Legislative Fiddling

The one thing that Republicans, Democrats and Independents all seem to agree on these days is that the country is in a big mess, and business as usual isn’t going to fix it.


As bad as things are nationally, states are arguably swimming in even more treacherous waters, because most state constitutions—including Indiana’s—require balanced budgets, a requirement that gives state lawmakers very little maneuvering room in times of economic duress. So we might expect our state legislators to forgo the usual efforts to protect their fellow partisans and  ingratiate themselves with narrow constituencies, and instead work in a bipartisan manner to solve the very difficult fiscal problems we face.


We might expect that, but we would be wrong.


So far this session we have seen efforts to designate a state pie (harmless enough, but really! Choosing an official state pie couldn’t wait?); a bill to allow students at state universities to carry guns on campus (in addition to the mayhem this would promote, if you think we have grade inflation now—how many of us faculty types would give poor marks, no matter how richly deserved, to students “packing heat?”); and yet another effort to amend the state constitution by inserting a ban on same-sex marriages (never mind that such unions are already illegal in Indiana, and that the prospect of Adam and Steve filing joint tax returns isn’t exactly topping Hoosier worry lists these days).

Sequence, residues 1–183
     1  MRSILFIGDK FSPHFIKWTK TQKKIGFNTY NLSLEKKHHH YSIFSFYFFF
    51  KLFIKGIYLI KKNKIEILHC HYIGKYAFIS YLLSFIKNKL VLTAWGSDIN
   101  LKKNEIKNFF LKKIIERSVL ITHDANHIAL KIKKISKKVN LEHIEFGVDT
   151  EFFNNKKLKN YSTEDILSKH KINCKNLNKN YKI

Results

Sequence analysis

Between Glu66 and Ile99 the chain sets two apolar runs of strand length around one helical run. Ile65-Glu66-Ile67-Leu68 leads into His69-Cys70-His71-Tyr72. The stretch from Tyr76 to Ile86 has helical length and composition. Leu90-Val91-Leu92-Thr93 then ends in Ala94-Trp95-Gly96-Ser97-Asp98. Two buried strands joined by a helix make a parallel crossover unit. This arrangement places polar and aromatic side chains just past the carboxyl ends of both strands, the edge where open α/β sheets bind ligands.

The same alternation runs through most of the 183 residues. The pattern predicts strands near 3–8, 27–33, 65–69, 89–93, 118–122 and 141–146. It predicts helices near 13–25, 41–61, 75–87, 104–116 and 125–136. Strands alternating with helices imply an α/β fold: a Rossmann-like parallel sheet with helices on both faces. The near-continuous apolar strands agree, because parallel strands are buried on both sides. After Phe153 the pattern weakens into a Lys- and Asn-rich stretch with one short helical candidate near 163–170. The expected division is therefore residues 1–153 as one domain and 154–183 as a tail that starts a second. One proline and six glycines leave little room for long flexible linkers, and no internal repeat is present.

And then there’s State Senator David Long. If you think solving the problem of gun violence by arming more adolescents is counter-intuitive, to put it mildly, what is there to say about Long’s effort to have government restructuring decided by local referenda? Leaving aside the obvious cowardice of this effort to avoid casting a vote that will make some people unhappy, this is a suggestion absolutely guaranteed to make an already bad situation even worse.


The problem with Indiana government right now is that we have too many overlapping and duplicative units of government, and far too many elected officials. These multiple layers of government are inefficient, they make it difficult for citizens to know who is responsible for what, and they are all being paid for with tax dollars desperately needed for service delivery. (In a very real sense, we are being asked to choose between paved roads and township trustees.) The Kernan-Shepard report identified a number of problems stemming directly from the crazy quilt that is Indiana government.


If each county held a referendum to vote whether or not to streamline government in that county, we would be addressing the problems that have been caused by one incoherent patchwork by creating an even bigger, even more incoherent patchwork. This is like treating a cold by taking bird flu virus.


Is it too much to ask our state legislators to stop fiddling while Indiana burns? To put aside the game playing, pandering and politics as usual, at least for the duration of the economic crisis? We citizens would sure appreciate it.